After nearly two years of planning and development, Seattle has a new playground that gives a whole new meaning to adventure time. Artists at Play, located in the Next 50 Plaza next to EMP, is an imaginative, artists-created outdoor playground designed for kids of all ages. With a 35-foot high climbing tower and kid-inspired musical instruments, listening stations and sound swings, kids (and grownups) can engage their senses through play.

RT.SeattleCtrPlayground-7photo: Natalia Dotto Photography 

The Play Equipment
With the Experience Music Project as a backdrop and the Space Needle looming overhead, this new playground is nothing shy of eye-catching. But the first thing that sticks out is the huge climbing structure. At 35-feet high, we’re told it’s the tallest of its kind in North America. And while the climbing tower is sure to raise some parent’s blood pressure, there is netting around the outside of the tower and the suspended bridges. Parents, you know your kids best and if they’re afraid of heights you might want to head over to the music and art elements that are at ground level.

Two huge tube slides are bound to capture a few little dare devils’ attention. The long straight slide is 52-feet long; the curly slide is about 38-feet long, and neither are for the faint of heart. (Psst… Rumor has it that the curly slide is a little scary!). But to slide down, first kiddos have to climb up, either through a spider web of ropes or up that tall climbing tower. And then it’s a matter of crossing swaying bridges high above the ground. After that, it’s a hair-raising ride back down to terra firma. Or for those kiddos who aren’t afraid of heights, think of the view they get of EMP and the surrounding Seattle Center.

RT.SeattleCtrPlayground-8photo: Natalia Dotto Photography  

Engage Your Senses
Kids are sure to get a good workout clambering up and down the ropes and tower, but there is more to this playground. Two artists, Trimpin and Judith Caldwell, collaborated with Site Workshop and Highwire to design a playground built for the senses—think art and music as well as movement. The playful, interactive sculptures designed by Trimpin bring a kinetic and musical presence to the playground and the numerous bronze inlays created by Caldwell, a Pacific Northwest artist and Seattle native, interact with the sculptures, adding whimsical and functional elements to the pieces.

Art Elements
At the Letter Tree, seven letters correspond to seven musical notes. Music lovers of all ages can crank a wheel and hear the note.

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photo: Natalia Dotto Photography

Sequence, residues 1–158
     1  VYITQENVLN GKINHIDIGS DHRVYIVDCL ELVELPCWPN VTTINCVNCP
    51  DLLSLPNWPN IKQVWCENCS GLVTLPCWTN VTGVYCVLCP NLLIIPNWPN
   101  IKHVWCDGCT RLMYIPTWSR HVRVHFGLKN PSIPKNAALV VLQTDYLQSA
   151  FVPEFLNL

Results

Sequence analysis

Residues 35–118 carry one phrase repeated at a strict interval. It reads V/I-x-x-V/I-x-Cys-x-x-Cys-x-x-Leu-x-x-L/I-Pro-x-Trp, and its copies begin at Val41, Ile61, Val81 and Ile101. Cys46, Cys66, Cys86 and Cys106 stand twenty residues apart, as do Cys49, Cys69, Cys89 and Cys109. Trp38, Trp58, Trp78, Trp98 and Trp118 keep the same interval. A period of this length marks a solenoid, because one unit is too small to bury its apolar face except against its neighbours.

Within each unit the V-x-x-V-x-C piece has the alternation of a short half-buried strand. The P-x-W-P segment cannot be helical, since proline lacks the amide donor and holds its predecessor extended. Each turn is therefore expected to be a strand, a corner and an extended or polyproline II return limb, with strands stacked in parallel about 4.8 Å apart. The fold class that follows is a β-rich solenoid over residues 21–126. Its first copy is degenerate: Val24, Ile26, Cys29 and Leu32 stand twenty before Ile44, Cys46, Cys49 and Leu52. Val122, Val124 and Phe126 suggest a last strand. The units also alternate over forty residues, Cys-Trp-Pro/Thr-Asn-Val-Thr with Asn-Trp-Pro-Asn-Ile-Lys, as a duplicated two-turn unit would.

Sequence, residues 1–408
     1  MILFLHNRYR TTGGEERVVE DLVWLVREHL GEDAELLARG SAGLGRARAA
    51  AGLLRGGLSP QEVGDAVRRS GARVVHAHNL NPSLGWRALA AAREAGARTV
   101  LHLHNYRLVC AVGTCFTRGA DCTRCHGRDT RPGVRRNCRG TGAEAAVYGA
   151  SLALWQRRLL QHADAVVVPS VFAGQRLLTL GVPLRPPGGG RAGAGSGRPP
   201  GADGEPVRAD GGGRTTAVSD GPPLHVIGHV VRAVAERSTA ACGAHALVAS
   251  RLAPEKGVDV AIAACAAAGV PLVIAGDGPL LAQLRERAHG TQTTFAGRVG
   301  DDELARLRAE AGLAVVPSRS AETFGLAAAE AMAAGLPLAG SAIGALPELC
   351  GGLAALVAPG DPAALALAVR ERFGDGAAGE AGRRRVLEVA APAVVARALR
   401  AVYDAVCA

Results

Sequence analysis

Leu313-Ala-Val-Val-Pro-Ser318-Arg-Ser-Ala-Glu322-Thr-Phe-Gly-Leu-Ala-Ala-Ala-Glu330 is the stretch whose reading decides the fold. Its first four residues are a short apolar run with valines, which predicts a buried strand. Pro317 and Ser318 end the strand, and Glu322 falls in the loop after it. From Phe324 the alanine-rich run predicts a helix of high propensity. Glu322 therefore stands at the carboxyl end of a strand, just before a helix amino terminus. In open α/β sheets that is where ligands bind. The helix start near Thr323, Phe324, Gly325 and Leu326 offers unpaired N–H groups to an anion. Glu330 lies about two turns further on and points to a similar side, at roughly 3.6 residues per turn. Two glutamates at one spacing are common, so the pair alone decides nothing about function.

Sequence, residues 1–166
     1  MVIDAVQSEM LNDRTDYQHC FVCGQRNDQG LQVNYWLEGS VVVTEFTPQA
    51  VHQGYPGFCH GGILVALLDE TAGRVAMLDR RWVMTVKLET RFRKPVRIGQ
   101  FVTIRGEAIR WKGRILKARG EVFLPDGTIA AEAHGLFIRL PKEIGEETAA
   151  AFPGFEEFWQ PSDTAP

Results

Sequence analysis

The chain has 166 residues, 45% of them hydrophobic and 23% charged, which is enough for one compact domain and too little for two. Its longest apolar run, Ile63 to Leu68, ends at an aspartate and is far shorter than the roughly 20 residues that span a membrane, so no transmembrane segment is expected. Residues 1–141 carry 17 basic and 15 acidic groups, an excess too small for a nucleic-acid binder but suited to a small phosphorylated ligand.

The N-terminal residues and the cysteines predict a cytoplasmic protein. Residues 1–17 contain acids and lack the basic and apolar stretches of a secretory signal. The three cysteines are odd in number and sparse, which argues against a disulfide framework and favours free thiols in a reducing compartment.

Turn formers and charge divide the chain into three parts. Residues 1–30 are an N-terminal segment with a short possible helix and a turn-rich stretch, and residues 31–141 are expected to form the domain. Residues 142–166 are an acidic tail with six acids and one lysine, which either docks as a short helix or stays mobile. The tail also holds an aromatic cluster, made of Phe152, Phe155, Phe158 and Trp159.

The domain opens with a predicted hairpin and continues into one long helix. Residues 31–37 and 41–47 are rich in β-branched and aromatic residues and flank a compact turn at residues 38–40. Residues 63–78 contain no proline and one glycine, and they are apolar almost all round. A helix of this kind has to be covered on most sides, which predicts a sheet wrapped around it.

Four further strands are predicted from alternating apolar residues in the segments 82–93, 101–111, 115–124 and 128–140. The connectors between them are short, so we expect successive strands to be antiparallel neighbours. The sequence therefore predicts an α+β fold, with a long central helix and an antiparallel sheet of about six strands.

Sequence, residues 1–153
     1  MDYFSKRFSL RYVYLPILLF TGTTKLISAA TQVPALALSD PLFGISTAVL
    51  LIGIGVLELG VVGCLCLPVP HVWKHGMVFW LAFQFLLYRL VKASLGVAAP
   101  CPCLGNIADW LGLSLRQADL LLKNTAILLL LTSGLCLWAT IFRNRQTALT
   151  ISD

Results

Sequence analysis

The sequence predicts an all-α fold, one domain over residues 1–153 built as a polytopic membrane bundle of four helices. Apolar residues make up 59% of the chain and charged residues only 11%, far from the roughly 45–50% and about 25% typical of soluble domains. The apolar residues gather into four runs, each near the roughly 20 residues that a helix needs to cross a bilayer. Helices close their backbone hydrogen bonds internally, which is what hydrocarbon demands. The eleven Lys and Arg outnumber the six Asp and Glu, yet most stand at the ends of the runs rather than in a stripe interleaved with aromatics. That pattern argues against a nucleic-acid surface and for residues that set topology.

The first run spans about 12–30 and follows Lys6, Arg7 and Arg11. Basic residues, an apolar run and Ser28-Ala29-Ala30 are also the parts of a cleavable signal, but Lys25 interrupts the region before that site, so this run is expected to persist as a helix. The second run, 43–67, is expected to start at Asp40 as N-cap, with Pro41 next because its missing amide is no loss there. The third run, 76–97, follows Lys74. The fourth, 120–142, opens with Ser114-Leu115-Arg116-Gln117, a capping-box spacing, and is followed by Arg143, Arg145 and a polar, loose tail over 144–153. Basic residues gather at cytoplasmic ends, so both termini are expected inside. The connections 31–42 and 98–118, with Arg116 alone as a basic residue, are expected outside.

The Rain Stick is a tall yellow column. A crank moves a bar and an a playful acrylic form slides along, accompanied by the sound of rain.

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photo: Natalia Dotto Photography

Listening Stations are placed strategically around the park, so that parkgoers can stand between giant yellow earphones and listen to friends, or is that the Rain Stick?

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photo: Natalia Dotto Photography

Tall yellow pipes containing billiard balls make up the Sound Fence. Pull on the billiard balls, or give them a swat and hear the different sounds.

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photo: Natalia Dotto Photography

The Sound Swings allow little ones to swing on the sculpture. Get enough momentum going and the artwork on top creates movement and sounds. And with an ADA accessible swing, all children can take part in this musical ride.

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 photo: Natalia Dotto Photography

If your tots like to go around (and around!), you will find an ADA accessible merry-go-round, one of only a handful around the country, at this awe-inspiring playground.

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 photo: Natalia Dotto Photography

Your little wanderer can also follow Story Lines throughout the park. The lines are painted on the ground with the words of children who were interviewed and asked their thoughts about sound and art. Follow each of the wavy Story Lines to discover a unique story of sound, motion and adventure, as imagined by children.

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 photo: Natalia Dotto Photography

Good to Know
There is a smaller play structure for the younger set. And while the bigger climbing tower and slides are recommended for children ages 5 and up, parents should use their own judgment as to how much of the playground their child can handle.

Seattle Center took advantage of the playground construction to upgrade the Next 50 Plaza with new landscaping, patios and terracing. A large saddle span tent provides plenty of shade for viewing and picnicking and new signage shares the story of the playground with visitors and provides information and instruction on interacting with the play elements.

Artists at Play Playground
Seattle Center – Next 50 Plaza
305 Harrison St.
Seattle, Wa 98109
Online: seattlecenter.com/news/detail.aspx?id=1932

What do you think of this new playground? Will your child be heading down those slides? How about you? Let us know in the Comments below. 

— Natalia Dotto